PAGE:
As their mother, Janet says she couldn’t be more proud of all three of her daughters, and she attributes their closeness to the fact they did so much together as a family when they were small.
“We always had the neighborhood kids at the house,” she said. “I didn’t work, so all of them would go play in the creeks and we had a swimming pool. There was no fighting or feuding going on. They were smothered in love.”
Church was always at the heart of the Shepard family’s life, and they still attend Central Church of Christ on Oakland Avenue in Johnson City.
“We always took them to church and tried to show them what was important in life,” Janet said. I used to sing “Love One Another” to them in the morning when they were getting up and then I would say, ‘just think, you get to go be with your friends at school today!’”
“We always worked through things, and they didn’t cause me any problems,” she added. “I was an only child and it makes me realize what I missed, seeing them as close as they are.”
After 52 years of marriage, Janet says she and her husband have always tried to lead by example.
“Girls look at the mother to see how she treats her husband; and then the son looks at the dad and sees how he treats their mom,” she said.
And now that she is a grandmother and a great-grandmother — with eight grandchildren, Megan, Chet, Shelton, Austin, Alex, Ashley, Taylor and Parker — and four great-grandchildren, Nash, Logan, Ella and Asher — she says she is blessed to have a big family.
“When you get tired of them, you can take them home,” Janet said with a chuckle. “After spending a half day with them, at my age, you get tired. But I enjoy their personalities, and I like taking them places like the library and teaching them how to take care of plants and pets.
“Being a grandparent is getting to do it all again and enjoying the children,” she added.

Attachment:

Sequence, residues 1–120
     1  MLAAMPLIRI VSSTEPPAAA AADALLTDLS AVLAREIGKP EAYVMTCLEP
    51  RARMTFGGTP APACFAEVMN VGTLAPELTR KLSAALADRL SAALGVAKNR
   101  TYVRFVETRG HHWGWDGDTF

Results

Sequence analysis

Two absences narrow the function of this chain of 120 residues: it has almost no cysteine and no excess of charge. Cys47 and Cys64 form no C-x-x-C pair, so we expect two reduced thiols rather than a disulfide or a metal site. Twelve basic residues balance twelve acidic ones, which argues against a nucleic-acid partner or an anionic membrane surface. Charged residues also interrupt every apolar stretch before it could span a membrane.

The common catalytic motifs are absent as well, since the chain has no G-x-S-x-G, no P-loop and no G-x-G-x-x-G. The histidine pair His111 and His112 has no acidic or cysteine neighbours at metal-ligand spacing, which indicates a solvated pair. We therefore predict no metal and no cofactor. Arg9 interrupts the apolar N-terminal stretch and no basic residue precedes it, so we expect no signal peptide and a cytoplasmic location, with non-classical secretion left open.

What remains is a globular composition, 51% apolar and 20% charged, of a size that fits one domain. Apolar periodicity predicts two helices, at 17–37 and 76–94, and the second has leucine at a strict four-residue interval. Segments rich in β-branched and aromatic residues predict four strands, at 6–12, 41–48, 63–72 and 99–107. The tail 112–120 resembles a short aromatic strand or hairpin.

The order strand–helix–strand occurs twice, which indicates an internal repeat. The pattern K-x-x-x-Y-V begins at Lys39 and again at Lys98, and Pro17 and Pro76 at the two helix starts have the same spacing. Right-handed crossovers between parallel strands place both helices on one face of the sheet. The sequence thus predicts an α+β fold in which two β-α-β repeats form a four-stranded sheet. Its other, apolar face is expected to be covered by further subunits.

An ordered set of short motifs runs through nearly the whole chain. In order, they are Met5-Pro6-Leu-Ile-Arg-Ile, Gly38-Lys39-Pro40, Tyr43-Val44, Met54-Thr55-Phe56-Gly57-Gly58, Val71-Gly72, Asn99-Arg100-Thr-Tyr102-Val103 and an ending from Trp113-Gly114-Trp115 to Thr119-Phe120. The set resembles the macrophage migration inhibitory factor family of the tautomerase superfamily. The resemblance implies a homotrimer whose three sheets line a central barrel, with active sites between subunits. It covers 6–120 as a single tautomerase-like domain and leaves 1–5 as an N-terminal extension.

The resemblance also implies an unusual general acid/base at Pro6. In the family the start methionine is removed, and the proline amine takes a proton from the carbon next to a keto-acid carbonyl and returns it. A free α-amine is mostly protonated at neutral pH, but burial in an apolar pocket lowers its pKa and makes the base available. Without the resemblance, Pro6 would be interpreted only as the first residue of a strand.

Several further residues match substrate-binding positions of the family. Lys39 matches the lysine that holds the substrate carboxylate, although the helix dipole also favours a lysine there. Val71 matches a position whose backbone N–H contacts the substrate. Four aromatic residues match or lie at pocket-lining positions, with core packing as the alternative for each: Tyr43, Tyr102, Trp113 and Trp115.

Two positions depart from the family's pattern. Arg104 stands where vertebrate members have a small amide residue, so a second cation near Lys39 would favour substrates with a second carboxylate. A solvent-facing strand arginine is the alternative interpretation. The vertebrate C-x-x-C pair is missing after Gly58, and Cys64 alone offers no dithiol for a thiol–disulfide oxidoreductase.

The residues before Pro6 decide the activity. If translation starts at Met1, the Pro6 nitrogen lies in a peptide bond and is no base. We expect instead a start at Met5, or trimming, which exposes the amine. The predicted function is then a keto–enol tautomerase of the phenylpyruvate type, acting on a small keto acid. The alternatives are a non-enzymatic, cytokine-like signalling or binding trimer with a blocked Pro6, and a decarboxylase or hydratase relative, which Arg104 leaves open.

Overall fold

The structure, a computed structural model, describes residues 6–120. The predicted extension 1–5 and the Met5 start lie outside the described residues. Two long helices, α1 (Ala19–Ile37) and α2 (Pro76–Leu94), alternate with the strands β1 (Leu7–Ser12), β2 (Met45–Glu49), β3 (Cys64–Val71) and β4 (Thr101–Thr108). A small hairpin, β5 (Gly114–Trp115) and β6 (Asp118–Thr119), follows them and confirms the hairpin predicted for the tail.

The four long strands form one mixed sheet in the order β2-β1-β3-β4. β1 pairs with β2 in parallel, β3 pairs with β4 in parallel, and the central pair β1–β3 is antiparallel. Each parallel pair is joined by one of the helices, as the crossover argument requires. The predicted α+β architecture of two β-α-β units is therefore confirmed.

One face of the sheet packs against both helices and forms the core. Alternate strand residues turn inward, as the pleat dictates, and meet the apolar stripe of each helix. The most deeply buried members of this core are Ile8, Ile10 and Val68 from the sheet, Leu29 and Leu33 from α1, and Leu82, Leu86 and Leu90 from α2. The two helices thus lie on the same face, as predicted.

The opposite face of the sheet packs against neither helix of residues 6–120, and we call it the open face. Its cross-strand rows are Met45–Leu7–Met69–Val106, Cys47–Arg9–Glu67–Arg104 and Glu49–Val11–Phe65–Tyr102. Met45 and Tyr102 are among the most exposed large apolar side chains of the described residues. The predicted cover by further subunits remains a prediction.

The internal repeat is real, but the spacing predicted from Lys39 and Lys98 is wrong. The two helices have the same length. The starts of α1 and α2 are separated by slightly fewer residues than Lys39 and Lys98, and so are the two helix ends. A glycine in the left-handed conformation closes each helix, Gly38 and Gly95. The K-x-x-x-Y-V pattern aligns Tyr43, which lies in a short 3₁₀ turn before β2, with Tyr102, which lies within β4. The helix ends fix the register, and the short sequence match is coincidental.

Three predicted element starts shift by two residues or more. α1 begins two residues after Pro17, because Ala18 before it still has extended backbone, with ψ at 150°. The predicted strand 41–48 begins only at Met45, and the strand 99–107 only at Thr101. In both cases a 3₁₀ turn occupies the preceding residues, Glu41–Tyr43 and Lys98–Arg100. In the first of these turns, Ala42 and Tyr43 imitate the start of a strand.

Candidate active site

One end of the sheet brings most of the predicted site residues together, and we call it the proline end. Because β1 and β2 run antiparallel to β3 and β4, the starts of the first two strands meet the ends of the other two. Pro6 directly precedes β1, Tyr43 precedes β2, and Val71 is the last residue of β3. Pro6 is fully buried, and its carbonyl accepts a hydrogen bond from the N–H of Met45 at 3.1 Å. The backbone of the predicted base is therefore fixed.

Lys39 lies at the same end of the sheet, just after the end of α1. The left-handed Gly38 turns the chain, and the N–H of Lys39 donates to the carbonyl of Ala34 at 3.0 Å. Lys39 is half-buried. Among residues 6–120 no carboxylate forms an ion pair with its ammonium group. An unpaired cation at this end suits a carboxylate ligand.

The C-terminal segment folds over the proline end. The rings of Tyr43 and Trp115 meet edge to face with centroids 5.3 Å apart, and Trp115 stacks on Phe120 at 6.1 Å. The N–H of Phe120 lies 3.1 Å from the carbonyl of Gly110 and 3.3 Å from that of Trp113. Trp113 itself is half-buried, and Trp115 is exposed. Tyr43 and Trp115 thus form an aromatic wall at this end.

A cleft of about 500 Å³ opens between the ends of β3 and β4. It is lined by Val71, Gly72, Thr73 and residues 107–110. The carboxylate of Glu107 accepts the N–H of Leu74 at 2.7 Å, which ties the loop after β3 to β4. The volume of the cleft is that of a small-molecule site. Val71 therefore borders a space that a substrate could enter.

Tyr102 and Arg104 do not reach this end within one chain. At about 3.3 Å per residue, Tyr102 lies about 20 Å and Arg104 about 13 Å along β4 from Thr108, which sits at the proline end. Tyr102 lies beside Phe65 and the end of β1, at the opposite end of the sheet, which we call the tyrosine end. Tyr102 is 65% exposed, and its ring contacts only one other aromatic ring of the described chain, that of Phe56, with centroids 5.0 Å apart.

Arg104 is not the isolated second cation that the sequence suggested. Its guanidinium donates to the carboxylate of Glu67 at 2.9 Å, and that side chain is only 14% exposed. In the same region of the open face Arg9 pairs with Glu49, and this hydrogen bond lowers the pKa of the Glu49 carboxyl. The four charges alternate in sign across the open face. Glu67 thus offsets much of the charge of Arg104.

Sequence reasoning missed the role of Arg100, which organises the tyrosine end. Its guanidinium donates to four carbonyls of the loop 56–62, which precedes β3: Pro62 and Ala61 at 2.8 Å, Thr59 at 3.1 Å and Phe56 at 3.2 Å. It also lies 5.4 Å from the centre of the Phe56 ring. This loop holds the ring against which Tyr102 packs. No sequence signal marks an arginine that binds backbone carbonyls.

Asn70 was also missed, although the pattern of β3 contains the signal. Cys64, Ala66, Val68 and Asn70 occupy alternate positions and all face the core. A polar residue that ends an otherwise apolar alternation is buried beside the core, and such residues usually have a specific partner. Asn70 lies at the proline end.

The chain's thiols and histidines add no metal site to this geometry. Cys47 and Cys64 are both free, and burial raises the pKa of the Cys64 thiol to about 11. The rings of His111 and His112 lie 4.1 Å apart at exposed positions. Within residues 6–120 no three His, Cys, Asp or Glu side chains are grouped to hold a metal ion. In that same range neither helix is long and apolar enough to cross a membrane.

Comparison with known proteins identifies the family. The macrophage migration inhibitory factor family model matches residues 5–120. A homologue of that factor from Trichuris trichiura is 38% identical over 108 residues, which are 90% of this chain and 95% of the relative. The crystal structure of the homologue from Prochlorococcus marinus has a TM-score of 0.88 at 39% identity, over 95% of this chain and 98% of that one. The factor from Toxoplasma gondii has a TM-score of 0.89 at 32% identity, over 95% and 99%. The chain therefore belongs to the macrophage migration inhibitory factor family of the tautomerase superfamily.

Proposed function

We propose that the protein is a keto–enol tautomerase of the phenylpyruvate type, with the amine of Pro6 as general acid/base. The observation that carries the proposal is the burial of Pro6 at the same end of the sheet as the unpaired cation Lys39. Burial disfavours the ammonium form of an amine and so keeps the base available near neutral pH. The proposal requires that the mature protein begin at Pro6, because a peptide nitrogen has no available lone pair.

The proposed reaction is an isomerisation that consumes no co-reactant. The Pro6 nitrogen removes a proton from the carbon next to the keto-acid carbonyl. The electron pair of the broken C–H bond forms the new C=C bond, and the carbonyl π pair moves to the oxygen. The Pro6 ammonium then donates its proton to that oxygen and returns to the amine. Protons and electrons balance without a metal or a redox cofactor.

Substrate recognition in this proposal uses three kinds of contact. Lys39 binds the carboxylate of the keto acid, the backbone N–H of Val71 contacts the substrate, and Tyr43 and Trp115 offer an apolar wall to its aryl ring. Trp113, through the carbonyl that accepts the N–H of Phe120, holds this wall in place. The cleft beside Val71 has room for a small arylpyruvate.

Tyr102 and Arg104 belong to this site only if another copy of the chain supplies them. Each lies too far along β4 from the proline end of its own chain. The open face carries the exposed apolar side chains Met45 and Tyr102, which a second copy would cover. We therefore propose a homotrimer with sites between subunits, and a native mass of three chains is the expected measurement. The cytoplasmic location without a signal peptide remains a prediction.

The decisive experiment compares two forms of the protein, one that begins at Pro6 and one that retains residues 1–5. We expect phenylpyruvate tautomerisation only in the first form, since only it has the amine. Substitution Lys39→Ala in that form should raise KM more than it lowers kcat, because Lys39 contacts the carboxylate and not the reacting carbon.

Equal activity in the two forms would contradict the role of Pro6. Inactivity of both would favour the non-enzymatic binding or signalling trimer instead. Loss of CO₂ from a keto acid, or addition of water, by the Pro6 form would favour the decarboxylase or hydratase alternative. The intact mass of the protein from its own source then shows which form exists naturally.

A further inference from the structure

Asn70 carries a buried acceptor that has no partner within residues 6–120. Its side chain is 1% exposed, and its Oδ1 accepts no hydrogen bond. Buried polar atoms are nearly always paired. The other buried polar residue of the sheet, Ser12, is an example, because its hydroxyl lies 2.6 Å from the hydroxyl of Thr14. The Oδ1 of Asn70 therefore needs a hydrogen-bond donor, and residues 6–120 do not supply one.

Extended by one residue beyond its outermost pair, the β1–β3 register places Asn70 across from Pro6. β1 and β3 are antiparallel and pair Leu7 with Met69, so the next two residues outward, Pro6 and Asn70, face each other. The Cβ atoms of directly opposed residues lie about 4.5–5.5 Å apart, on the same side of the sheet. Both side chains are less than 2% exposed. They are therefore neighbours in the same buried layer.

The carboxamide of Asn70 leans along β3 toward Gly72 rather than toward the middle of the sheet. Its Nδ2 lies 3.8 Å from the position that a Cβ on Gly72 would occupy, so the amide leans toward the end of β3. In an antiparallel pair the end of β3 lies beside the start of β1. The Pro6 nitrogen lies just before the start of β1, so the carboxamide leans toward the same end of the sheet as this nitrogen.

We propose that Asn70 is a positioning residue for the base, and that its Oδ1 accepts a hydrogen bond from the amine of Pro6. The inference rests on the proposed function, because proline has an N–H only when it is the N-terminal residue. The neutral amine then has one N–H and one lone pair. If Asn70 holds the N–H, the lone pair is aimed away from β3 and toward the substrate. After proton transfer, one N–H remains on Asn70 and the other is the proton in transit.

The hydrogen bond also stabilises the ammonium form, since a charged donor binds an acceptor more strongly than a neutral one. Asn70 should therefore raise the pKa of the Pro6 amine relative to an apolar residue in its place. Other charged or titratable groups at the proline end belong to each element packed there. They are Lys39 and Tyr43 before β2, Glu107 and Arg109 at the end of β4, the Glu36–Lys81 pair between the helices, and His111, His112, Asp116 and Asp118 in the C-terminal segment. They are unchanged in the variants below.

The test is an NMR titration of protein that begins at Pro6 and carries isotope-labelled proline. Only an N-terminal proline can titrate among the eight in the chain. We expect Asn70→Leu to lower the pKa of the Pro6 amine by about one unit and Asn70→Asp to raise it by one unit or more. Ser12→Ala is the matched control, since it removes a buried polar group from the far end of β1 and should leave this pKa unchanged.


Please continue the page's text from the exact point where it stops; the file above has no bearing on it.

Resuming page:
Always ready to tackle something new, Natalie recalls when her mother, at age 45, decided she wanted to learn to ride a bike — an adventure for both mother and daughters.
“Well it was a long flat road, but it had a big ditch on either side,” Natalie recalls. “She didn’t ride too well and ended up in one of those big ditches. She tried not to fall and grabbed at a tree limb. It smacked her good and down she went!
But she didn’t give up and rides a lot now, Natalie says. “It was kind of ironic – the kids trying to teach the mom how to ride a bike.”
This Mother’s Day, Cherie says she looks forward to getting as many of the kids together as possible. “We try to get all of our children together and go to church and then out to lunch, she said. “That is our tradition and we look forward to it. But the most important thing is that we get together even though everybody’s lives are busy,” she added. “We’ve been through some really hard times, illnesses, divorce.
“We stick together, and I still love it when I hear somebody say, ‘those Shepard girls.’ Whoever is the strong one at the time is the one in charge and we just take care of each other. That’s what our mom has taught us.”